Earlier this week, we were asked what we look for in a web developer portfolio.
And as luck would have it, we have quite a few thoughts on the matter. We’ve worked with a lot of front-end developers over the years. In that time we’ve come to know what good portfolios look like.
So this week we took some time to jot down our ideas and thought we’d present them here as part of our Ask45 series. By the way, if you’re new to the series and want to catch up, check out Part 1 and Part 2.
For this article, we’ve broken things down into three sections: The design, the information, and what we find lacking in most portfolios. We’ll start with the hardest part of the portfolio for many front-end web developers.
Designing a web development portfolio
We understand, most web developers aren’t designers. But that doesn’t mean you get a pass—your site still needs to look good.
Luckily, there are things you can do to ensure your site looks well-designed and considered. Basic design principles can go a long way. Pay attention to details like white spacing, typography, information hierarchy, and calls to action. These simple tactics will organize and elevate your site while drawing people in.
Pay attention to details like white spacing, typography, information hierarchy, and calls to action.
Also, make sure there is a sense of personality and creativity to your portfolio. Don’t be afraid to let people see who you really are. Use a friendly and down-to-earth tone throughout to give people the sense that they’re having a conversation with you.
Finally, we’ve noticed that many web developers go overboard with animations and the latest design gimmicks. We get it, you’re good at CSS. But don’t fall in to this trap. As with most things in life, especially animations, less is more. Show good taste and restraint; the animations should enhance the design, not be the main event.
What we’d like to see in your portfolio
Knowing what to feature in their portfolio is another roadblock for web developers. What you include could vary depending on your experience and level of project documentation, but here a few things we look for:
Show big brands first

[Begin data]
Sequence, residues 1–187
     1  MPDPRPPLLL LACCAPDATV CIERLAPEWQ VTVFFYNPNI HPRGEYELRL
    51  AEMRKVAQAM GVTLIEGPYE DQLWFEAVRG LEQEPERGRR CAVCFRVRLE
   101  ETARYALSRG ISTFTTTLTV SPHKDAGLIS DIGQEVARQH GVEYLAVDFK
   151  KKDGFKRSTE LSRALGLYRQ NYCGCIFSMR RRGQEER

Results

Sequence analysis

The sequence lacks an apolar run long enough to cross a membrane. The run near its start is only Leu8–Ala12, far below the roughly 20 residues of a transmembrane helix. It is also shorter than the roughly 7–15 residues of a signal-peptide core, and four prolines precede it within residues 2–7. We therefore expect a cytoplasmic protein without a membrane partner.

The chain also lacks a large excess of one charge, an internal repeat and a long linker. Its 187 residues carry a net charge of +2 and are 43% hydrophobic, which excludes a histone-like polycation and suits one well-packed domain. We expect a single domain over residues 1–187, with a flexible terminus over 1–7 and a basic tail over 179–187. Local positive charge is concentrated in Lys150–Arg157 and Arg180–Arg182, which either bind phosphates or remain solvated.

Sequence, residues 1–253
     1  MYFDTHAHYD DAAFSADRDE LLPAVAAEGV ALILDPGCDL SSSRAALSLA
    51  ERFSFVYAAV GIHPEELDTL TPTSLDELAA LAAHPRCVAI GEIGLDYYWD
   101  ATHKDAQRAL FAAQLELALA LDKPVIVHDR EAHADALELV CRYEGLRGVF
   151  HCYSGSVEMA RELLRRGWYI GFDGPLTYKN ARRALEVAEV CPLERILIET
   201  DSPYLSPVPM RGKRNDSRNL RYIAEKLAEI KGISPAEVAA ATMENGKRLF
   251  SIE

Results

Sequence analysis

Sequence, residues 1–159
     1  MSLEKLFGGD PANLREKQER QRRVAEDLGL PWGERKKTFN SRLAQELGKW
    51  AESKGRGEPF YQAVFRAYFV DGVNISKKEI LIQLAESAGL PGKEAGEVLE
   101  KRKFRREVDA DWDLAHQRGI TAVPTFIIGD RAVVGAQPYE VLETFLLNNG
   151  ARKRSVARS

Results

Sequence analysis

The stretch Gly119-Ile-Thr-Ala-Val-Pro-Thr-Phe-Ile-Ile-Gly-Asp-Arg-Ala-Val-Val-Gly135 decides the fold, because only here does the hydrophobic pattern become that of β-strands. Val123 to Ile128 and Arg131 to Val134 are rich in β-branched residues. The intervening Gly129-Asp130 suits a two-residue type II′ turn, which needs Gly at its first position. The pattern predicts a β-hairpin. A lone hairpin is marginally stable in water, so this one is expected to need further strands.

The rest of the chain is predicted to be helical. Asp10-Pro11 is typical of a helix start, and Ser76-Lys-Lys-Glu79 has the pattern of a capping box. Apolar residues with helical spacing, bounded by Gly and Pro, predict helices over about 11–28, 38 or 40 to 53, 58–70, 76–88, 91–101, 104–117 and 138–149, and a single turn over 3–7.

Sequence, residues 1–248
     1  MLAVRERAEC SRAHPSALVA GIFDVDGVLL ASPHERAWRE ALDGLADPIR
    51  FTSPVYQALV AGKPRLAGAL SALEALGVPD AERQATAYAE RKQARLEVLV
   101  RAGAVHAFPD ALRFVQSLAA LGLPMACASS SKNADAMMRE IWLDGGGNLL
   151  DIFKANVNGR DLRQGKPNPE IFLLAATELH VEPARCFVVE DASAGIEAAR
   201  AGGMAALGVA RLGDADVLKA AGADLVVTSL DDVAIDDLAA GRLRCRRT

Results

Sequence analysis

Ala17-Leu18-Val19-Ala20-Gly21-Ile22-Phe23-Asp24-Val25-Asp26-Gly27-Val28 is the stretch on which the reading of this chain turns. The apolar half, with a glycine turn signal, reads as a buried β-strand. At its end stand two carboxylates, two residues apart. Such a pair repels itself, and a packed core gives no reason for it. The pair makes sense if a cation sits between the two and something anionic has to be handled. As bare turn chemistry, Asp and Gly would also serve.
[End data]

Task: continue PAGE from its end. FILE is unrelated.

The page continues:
Big brands spend millions per year developing recognition. If you have worked with a big brand, leverage their familiarity and put them front and center. Even if it’s subconscious, showing a bigger brand can help raise the perceived quality of your work.
Case studies make a huge difference
These can be difficult to put together, but a detailed case study is a great indicator of project outcomes. Referencing the client and showing screenshots are not enough. You’ll want to write about your process, your contributions, technologies used, obstacles overcome, and specific deliverables.
You’ll also want to share real data and results when possible. If we see, “I helped Dunkin’ Donuts increase their page load speed by 10x and reduced errors by 25%”, we’re instantly intrigued. Metrics hold weight, make sure you’re keeping track of them along the way.
Show that you take code seriously
It’s important for someone reviewing your portfolio to know that you take pride in your craft. Code examples are sometimes hard to actualize, but links to your Codepen or Github can be beneficial. Not only is your code on display, it also shows that you’re part of a larger community and you contribute to the cause.
You may also want to consider blogging about your craft. Writing articles about development problems you run in to on a daily basis and offering solutions can be powerful. It doesn’t hurt to flex your development muscles and remind potential clients that you’re a subject matter expert.
A word of caution about blogging though: If you can’t commit to it, it might be better to put your time elsewhere. An inactive or outdated blog is worse than having no blog at all.
Common shortcomings to be aware of
We’ve seen a lot of web development portfolios and have some suggestions to help fill the gaps. First and foremost, focus on your communication, speed, and reliability.
When it comes to working with web developers, it’s not always about who’s got the cleanest code. You’re still hired to be part of a team working towards a common goal. Showing that you can communication and deliver assets on time is more than half the battle. Building trust with potential clients or project partners will help you immensely.
Having thoughtful testimonials will put potential clients at ease and help reiterate your value.
Trust can be hard to convey online, so why not let others do it for you? Include testimonials from former clients to help tell your story. Having thoughtful social proof of your skillset will put your potential client at ease and help reiterate your value.
You might also consider showing your potential client what it’s like to work with you. Share details of your up-front requirements. Let them know that you have a dedicated Slack channel for weekly check-ins and a GitHub page to track development progress. Reassure that when the project nears the end you’ll help them with the launch and code/asset transfer.
Even though every project is different, this will give the client peace of mind knowing that there is a process in place.
Bringing it all together
We hope we shed some light on a few points of emphasis we look for when hiring web developers. Take some or all of these suggestions and apply them to your site—we think you’ll see great results.
If you have any questions, please feel free to leave us a comment below. Even better, if you put this article to good use, leave a link to your site below so we can check it out.